A brotherhood of reporters and ex-reporters

The 1948-49 series Box 13 featured a former newspaper reporter, Dan Holiday, now a novelist. He had become a detective/adventurer, advertising for tips sent to his classified-ad box, to dig up plots for his works of fiction. The newspaper’s main role is carrying his classsified ad, but he stays in touch.

In a November 1948 episode titled “Suicide or Murder” in the Old Time Radio Researchers Internet Archive collection (although there is no hint of suicide in the actual story), writer Holiday finds a note in Box 13 from the mother of a recently deceased Evening Record reporter. He was a war veteran and Nuremburg Trials observer with a Distinguished Service Cross whose death was attributed to a drunken bar fight. The mother doesn’t believe it and neither does Holiday, played by Alan Ladd.

He finds out from the dead reporter’s editor that he was working on a “big story,” but had been secretive about it. Holiday and the editor, an old friend, search through the dead guy’s desk and begin to unravel the story. The young reporter, less than six months on the job, had been sent off to a Carribean island on a “Latin American neighbors” feature assignment. (Some budget that Evening Record had in 1948! But Holiday and the editor treat that much as routine. A waterfront bartender also is impressed by Holiday’s expensive suit and tie, so maybe journalist and novelists we’re making good money back then. Or at least radio script writers led the audience to believe such a thing.)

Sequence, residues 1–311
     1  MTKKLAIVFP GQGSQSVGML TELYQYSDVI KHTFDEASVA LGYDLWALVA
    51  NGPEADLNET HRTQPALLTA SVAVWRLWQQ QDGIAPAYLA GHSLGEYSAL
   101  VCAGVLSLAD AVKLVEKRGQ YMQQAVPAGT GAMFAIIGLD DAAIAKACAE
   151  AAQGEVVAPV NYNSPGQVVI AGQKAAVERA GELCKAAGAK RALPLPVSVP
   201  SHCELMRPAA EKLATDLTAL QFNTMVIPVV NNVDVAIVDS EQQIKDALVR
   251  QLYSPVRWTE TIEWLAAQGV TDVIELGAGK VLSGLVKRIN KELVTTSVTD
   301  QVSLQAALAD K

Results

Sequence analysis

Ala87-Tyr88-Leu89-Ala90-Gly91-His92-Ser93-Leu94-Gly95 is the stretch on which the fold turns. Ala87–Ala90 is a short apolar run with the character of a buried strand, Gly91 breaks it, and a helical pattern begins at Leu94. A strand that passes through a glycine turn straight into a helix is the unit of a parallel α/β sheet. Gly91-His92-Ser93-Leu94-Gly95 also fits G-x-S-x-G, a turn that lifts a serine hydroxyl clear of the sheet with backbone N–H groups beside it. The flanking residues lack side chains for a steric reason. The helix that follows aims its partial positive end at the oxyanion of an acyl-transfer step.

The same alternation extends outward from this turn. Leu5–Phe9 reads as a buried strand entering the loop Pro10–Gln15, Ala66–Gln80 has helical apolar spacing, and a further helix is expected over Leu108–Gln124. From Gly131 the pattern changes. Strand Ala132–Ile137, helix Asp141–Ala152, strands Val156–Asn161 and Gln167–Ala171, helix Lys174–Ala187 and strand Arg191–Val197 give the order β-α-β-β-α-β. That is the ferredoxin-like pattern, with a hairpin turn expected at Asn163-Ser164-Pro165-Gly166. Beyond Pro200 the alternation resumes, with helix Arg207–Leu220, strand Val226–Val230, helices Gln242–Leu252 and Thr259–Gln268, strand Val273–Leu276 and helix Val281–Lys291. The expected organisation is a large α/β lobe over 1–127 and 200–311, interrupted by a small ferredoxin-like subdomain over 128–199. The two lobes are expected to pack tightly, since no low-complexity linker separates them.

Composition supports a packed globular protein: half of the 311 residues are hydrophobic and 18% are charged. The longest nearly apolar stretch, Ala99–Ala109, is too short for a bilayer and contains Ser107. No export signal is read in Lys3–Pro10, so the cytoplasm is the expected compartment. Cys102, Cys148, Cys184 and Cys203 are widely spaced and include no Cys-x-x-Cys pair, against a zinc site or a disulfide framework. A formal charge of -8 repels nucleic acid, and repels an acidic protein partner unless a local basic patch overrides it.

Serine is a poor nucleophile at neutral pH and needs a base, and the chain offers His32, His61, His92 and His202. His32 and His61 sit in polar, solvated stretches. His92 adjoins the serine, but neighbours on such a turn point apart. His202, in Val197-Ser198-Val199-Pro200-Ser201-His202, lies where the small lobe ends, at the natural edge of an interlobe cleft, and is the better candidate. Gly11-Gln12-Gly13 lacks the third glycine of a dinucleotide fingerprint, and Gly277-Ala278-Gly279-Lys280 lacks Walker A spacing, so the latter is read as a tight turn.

Eventually, after another murder, Holiday finds a war-criminals-escape-to-Caribbean clue in the reporter’s notebook and sets off on a search for missing film and the murderers… and the film turns up, quickly followed by a mysterious character with an accent and $10,000 to spend for negatives. The police and a happy ending can’t be far behind.

About Bob Stepno

mild-mannered reporter who fell deeper into computers and the Web during three trips through graduate school in the 1980s and 1990s, then began teaching journalism, media studies and Web production, most recently as a faculty member at Radford University.
This entry was posted in 1940s, adventure, detectives, reporters, World War II, writing. Bookmark the permalink.

Leave a Reply

Fill in your details below or click an icon to log in:

WordPress.com Logo

You are commenting using your WordPress.com account. Log Out / Change )

Twitter picture

You are commenting using your Twitter account. Log Out / Change )

Facebook photo

You are commenting using your Facebook account. Log Out / Change )

Google+ photo

You are commenting using your Google+ account. Log Out / Change )

Connecting to %s